Removal of Terror Weapons Achieved Only 'Inch-by-Inch'

By Erwin, Sandra I. | National Defense, October 1999 | Go to article overview

Removal of Terror Weapons Achieved Only 'Inch-by-Inch'


Erwin, Sandra I., National Defense


Contractors responsible for clearing minefields in war-torn areas of the world-such as Bosnia and Kosovo-- concede that, despite today's advanced munitions technology, the task of finding and removing landmines remains a low-tech drudgery.

Bosnia has more than 600,000 landmines and a yet largely undetermined amount of unexploded ordnance infesting some 300 square kilometers of land, according to a U.S. State Department report. Of nearly 300,000 landmines so far identified, 83 percent are antipersonnel mines, and 17 percent are antitank. As many as 85 types may have been deployed during the war between Serbians, Croatians and Muslims in the early 1990s.

The majority of minefields are unmarked, the report said. Army maps were handed over to the peacekeeping force after the 1995 cease-fire, but some areas were mined and re-mined during the war, making many maps worthless. Road systems, power plants, bridges, dams and other parts of the infrastructure also were heavily mined.

Between 1996 and 1998, nearly 50,000 landmines were removed. But United Nations officials estimated that, at the current clearance rates, it will take 30 years to free Bosnia-- Herzegovina of landmines.

Unexploded Ordnance

Another ravaged region in the Balkans is Kosovo, which not only has an abundance of minefields left behind by the warring Serbians and the Kosovo Liberation Army, but its fields and villages also are scattered with unexploded ordnance dropped by NATO warplanes during the campaign against the Serbian government. U.S. officials do not yet have accurate estimates on the number of minefields in Kosovo. "We estimate that there are several hundred thousand mines in Kosovo, but we don't know how accurate that estimate is," said Pentagon spokesman Ken Bacon.

But he offered a more specific account of the unexploded ordnance. U.S. planes dropped about 1,100 cluster bombs during the 11-week air war. Each releases between 150 to 200 bomblets-small canisters that land on individual parachutes or with metal shuttlecocks. Typically, these bomblets are movement-sensitive and explode if touched or shifted. The dud rate for a standard cluster is approximately 5 percent, Bacon said. That means there could be up to 10,000 unexploded bombs lurking in Kosovo. Recently, a Kosovar boy lost his hand when he plugged in a boombox and set off an explosive inside. Two Gurkhas-Nepalese soldiers serving in the British army-and two Albanians were killed while trying to remove a cluster bomb from a school. In Bosnia, the unexploded ordnance mostly is from artillery.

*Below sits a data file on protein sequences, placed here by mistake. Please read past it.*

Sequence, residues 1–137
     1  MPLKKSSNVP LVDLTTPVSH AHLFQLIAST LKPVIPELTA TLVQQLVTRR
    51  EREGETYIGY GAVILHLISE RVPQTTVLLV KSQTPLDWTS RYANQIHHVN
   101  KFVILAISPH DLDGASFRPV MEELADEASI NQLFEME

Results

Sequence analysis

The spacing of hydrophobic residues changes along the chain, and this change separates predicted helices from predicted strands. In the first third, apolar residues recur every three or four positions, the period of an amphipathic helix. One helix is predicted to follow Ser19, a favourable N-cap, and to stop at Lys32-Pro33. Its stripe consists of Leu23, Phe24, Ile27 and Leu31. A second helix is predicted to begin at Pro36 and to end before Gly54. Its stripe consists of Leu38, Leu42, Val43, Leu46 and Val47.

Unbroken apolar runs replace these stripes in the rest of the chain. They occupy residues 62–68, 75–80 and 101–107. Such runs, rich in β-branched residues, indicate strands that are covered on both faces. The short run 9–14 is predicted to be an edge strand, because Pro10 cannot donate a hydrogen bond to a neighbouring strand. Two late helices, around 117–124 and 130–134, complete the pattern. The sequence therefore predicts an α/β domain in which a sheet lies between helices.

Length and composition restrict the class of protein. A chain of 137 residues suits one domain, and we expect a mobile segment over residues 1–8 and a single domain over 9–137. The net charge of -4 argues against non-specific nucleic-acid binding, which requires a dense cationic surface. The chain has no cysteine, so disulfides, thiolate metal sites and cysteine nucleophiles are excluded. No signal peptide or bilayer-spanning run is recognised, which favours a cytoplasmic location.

Landmines and unexploded ordnance (UXO) present separate sets of problems and removal challenges, experts said. But they agreed the removal of these munitions all demand painstaking labor, because they are difficult to find and extremely dangerous. They were designed, after all, to maim and kill humans.

"People don't seem to realize how labor intensive this kind of work is. There is no foolproof method out there right now for detecting all types of land mines, particularly antipersonnel landmines," said Zeth M. DeVore, project engineer for UXB International, Ashburn, Va. The company has been working on humanitarian demining in Bosnia since 1996 as a subcontractor to Parsons Engineering, a Delaware-based firm. The demining project is funded by the U.S. Agency for International Development.

During an interview in Ashburn, DeVore pointed at several landmines displayed on a conference table. "They make them in so many different types," he said. One is a plastic box the size of a cellular phone. "It has no metal in it whatsoever so it cannot be found with metal detectors," DeVore said. Others are made of steel and are the size of a doughnut. "The variety is everywhere in between."

The variety of fuses used further complicates detection. Fuses range from simple pressure sensors to magnetic, light-activated, electric, and heat sensors. …

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